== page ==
Michelle Bailat-Jones

Writer, Translator, Reader

Rage – Goddess, sing the rage of Peleus’ son Achilles… 

This month I am reading The Iliad for the 10 yr reading plan. The last time I read The Iliad was about 13 years ago so it definitely feels like the first time all over again. What fun! I love that the story is mostly a surprise to me now but I keep having these flash visions of my tiny gray-haired Greco-Roman Civ teacher jumping around the room and raving about kleos and how it all comes down to kleos 

Kleos is Greek for honor/glory and in the beginning of The Iliad it is the whole reason why Agamemnon and Achilles get in their fight in the first place. In Homer’s Greece, after a war, whatever the conquering army has managed to steal, loot, and plunder gets divided up between the victorious heroes and adds to each warrior’s kleos. Naturally, the women are some of the highest prizes. (Just an aside, I have often wondered if this is where we get our expression “trophy wife”.) 

When Book One opens, Agamemnon and the armies fighting with him have recently divided up some war spoils which include a priest’s daughter named Chryseis, who was given to Agamemnon. Well, Chyseis’s father is so upset at losing her that he comes to Agamemnon with ransom and begs for her release. Agamemnon refuses and the priest calls down the wrath of Apollo onto Agamemnon’s army. 

I can’t help loving the instant justice of this. Agamemnon had the chance to be merciful, he was even offered a ransom in exchange but he refuses and is immediately punished. How nice would it be to just point out someone’s wrongdoing and have some god swoop down and rain arrows on that person for their unnecessary nasty behavior? It would be so satisfying wouldn’t it?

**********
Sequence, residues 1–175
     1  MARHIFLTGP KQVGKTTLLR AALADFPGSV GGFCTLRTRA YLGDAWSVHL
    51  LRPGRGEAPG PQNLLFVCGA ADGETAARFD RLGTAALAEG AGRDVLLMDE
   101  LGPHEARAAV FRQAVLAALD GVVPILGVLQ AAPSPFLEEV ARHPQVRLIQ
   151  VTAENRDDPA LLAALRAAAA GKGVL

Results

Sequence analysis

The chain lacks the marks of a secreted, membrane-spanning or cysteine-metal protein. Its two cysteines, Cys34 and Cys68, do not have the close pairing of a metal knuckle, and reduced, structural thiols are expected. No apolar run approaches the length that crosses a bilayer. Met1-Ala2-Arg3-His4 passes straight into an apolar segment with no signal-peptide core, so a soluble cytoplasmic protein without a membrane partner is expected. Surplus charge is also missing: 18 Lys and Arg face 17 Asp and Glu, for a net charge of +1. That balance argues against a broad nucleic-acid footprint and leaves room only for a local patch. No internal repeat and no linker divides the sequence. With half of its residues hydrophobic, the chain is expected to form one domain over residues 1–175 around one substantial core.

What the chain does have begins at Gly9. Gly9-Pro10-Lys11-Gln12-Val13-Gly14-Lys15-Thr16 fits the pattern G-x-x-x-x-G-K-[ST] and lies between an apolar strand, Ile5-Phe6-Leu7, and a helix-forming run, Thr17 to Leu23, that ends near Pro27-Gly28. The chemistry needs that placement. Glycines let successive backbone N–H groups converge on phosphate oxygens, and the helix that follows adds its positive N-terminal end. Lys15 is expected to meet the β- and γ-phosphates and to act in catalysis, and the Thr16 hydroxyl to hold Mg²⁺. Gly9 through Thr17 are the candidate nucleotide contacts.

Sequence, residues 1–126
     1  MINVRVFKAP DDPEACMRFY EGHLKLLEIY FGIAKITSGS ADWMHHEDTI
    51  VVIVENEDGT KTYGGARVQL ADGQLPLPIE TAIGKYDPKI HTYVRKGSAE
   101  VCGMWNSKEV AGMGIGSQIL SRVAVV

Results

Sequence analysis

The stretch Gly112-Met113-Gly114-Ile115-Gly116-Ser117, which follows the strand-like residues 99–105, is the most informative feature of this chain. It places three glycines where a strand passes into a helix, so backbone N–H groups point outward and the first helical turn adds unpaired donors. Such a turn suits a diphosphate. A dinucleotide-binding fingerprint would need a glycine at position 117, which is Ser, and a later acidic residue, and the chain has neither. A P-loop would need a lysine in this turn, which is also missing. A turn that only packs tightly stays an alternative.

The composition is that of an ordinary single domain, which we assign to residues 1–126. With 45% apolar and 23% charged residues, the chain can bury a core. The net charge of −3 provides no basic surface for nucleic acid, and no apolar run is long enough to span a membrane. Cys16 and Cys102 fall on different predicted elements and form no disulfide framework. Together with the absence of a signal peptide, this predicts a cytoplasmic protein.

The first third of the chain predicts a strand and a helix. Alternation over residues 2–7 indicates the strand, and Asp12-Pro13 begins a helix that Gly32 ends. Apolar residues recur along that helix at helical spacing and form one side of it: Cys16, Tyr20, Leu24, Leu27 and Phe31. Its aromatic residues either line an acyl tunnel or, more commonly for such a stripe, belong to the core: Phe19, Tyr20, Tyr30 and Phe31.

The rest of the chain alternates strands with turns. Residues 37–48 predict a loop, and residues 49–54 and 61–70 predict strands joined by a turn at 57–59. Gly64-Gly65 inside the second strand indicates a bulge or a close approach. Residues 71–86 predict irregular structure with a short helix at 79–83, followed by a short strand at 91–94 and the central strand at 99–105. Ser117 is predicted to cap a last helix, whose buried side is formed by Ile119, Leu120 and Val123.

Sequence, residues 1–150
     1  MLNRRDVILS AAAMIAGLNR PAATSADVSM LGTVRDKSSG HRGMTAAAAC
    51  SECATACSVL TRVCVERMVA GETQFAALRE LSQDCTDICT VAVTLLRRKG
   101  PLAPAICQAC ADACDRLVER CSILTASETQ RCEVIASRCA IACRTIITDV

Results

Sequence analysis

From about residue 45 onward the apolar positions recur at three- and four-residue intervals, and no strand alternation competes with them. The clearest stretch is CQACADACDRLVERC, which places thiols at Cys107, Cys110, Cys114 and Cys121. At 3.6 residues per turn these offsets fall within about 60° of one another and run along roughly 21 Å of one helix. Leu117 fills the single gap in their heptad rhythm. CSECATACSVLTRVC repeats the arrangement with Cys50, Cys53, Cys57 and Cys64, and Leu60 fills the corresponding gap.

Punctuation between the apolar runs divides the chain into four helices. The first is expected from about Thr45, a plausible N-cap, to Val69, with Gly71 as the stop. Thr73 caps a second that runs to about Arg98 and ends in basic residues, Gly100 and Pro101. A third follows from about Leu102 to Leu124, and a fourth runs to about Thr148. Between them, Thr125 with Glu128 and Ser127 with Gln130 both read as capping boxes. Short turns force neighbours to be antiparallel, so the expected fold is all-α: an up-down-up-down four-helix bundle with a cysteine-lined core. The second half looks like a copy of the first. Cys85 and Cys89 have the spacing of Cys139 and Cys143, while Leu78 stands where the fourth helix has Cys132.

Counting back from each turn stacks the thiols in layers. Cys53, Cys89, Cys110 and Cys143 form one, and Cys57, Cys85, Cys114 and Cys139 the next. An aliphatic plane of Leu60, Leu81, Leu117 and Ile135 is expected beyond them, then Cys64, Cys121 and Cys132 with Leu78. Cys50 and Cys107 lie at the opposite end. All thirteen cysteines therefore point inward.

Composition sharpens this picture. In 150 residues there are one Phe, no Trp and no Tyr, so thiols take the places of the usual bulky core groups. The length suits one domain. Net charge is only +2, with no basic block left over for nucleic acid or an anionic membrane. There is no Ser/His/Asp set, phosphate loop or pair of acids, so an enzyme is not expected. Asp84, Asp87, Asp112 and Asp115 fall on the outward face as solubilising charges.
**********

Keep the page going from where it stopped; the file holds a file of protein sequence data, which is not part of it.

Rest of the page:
So after Apollo’s wrath has gone on for a bit too long, Achilles (who is fighting with Agamemnon but heads up his own troops, the Myrmidons) gets a little irritated. Agamemnon’s selfishness is causing a lot of death and destruction for all those around him and Achilles would just like him to step up and be a better man. Instead, Agamemnon says he will only return Chyseis if he can take the woman that Achilles was given. Achilles gets doubly pissed here because really, they are all there fighting this long and awful war just because of Agamemnon and his brother Menelaus (husband of Helen, who has been abducted by Paris).

Achilles loses Briseis (and she certainly doesn’t seem at all happy to be led away to Agamemnon’s tent) and as a result he vows to quit fighting. He calls upon his mother, the goddess Thetis, to convince Zeus to help the Trojans win the war so that Agamemnon and his armies will acknowledge how much they needed Achilles.  

This kleos thing is a pretty big deal after all. As I understand it, for a warrior, their kleos was a tangible, visible measure of their worth as a fighter and/or protector. By taking Briseis, Agamemnon is making it clear that he is worth more than Achilles. Which Achilles argues is simply not true at all. Achilles points out that Agamemnon takes the war spoils for doing basically nothing while Achilles is out getting wounded and beat-up.

whenever we sack some wealthy Trojan stronghold / my arms bear the brunt of the raw, savage fighting, / true, but when it comes to dividing up the plunder / the lion’s share is yours, and back I go to my ships, / clutching some scrap, some pittance that I love, / when I have fought to exhaustion 

Reading Book One last night made me laugh a little – here are all these big, warrior men arguing (I won’t say whining, but I could) about women and recognition. About who gets what and who is more important. And when something goes wrong, Achilles goes running to…his mother. In some sense they sound a bit like spoiled kids fighting over their toys on a playground-battleground. But at the same time, The Iliad is about rage. Real, dangerous, violent and destructive rage. It is about pride and about loss. Homer’s poem makes it clear from the first page that war and tragedy are inseparable, and that glory and honor are kind of beside the point. People, loved ones, will die. What could be worse than that?